Firstly, what is asbestos?
Asbestos is a natural occurring silica compound; simply put, a natural material found in rock just like coal. It was primarily used in the building/construction industry due to its high flame retardant properties.
Asbestos is a word that often causes a lot of confusion and concern for people, but what do you really know about asbestos? When pressed on the topic the majority of people know little to nothing about the material other than that it is dangerous. This of course is true and people should be aware of the serious health issues asbestos can cause such as mesothelioma and asbestosis. As a result of this asbestos should be treated with extreme caution at all times. However, this blogs aims to provide you with further information about asbestos to help put at ease any unfounded concerns you may have about the material.
It is an established fact that detectable levels of asbestos fibres are evident in ambient air worldwide. Therefore, people are exposed to asbestos on a daily basis. However, this is only within very strict parameters. Permissible levels of exposure are calculated as <0.1 fibres per cubic centimetre of air (<0.1 f/cc) averaged over the 8-hour workday, and 1 fibre per cubic centimetre of air (<1.0 f/cc) averaged over a 30 minute work period. Further information regarding this can be found at HMA’s website: http://www.asbestos.org/HealthEffects/Non-Occupational.html
For example, studies conducted by HMA in the San Francisco Bay Area showed:
- Major urban areas, such as, San Francisco and Oakland reported levels of 0.004 f/cc to 0.005 f/cc on any given day.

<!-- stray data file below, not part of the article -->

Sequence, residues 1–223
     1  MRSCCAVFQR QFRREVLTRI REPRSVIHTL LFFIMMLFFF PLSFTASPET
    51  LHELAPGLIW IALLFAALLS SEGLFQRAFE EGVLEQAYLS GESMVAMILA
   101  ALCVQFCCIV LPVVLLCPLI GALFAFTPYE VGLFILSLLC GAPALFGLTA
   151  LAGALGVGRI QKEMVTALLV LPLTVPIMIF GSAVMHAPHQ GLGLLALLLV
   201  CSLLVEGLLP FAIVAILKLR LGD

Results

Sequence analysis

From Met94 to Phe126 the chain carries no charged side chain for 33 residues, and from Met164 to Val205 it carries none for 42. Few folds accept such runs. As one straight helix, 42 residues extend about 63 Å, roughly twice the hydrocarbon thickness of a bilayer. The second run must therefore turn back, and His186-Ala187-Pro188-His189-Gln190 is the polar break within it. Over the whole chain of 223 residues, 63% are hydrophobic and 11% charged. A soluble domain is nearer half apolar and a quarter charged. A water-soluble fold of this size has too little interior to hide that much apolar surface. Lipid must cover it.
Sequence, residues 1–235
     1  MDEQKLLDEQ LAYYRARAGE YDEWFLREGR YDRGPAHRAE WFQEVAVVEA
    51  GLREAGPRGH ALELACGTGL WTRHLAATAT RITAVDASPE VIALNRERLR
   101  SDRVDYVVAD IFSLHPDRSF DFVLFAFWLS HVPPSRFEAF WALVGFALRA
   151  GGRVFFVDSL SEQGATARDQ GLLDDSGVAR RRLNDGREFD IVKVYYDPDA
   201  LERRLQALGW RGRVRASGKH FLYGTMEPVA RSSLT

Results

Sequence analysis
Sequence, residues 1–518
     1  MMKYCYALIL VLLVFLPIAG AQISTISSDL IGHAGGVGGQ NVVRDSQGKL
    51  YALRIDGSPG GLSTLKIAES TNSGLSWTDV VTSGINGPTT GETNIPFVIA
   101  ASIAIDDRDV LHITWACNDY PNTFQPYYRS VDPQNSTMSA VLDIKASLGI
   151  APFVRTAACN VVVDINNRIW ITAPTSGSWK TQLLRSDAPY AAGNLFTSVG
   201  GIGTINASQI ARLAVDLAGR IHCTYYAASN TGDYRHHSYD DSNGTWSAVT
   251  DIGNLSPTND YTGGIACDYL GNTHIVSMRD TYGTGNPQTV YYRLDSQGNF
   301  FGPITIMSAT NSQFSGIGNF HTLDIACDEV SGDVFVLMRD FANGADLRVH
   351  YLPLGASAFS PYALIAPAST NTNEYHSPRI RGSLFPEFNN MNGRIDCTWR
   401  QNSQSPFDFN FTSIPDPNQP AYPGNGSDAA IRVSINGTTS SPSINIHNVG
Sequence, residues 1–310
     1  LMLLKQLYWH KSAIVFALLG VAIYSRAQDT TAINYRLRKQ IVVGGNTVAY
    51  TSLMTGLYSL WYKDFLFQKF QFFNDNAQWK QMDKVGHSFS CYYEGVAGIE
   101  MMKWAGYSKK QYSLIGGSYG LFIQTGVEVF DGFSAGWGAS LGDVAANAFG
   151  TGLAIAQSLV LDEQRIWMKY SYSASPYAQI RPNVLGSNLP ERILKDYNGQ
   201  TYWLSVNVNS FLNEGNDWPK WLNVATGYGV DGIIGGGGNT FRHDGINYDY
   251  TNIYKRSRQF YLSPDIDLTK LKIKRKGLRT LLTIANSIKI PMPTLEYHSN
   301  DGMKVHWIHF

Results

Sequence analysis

- Suburban areas reported levels of 0.003 f/cc to 0.004 f/cc.
This is an indication that asbestos is a part of our everyday lives. However, the amounts are so minimal and below the threshold of government guidelines that it doesn’t pose a threat (in its current volumes) to our health.
Where does this ambient asbestos come from?
Sources of asbestos typically include quarrying, mining, milling and manufacturing. In Australia, manufacturing of asbestos was ceased in the early 1980’s. However, asbestos was used in the production of many automobiles before the 1980’s and many of these vehicles are still on the road today. Asbestos was predominantly used in the brake shoes and clutch linings. When friction is applied during braking, as well as during clutch use, fibres are released. This is one example which explains the presence of asbestos in ambient air. To reiterate the point, the exposure levels are so minimal that it is not considered a threat to our health.
The main point to take from this information is to be very cautious with asbestos. If you’re unsure of whether a material is asbestos or not, contact the professionals and get an expert opinion on what to do next – e.g. is removal warranted in this situation. Furthermore, asbestos is more common in your daily life than you might realise, so although it should be treated with extreme caution appropriate actions can be taken to ensure your health and safety. Be aware, be safe!
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A. D. Envirotech Australia Pty Ltd (ADE)
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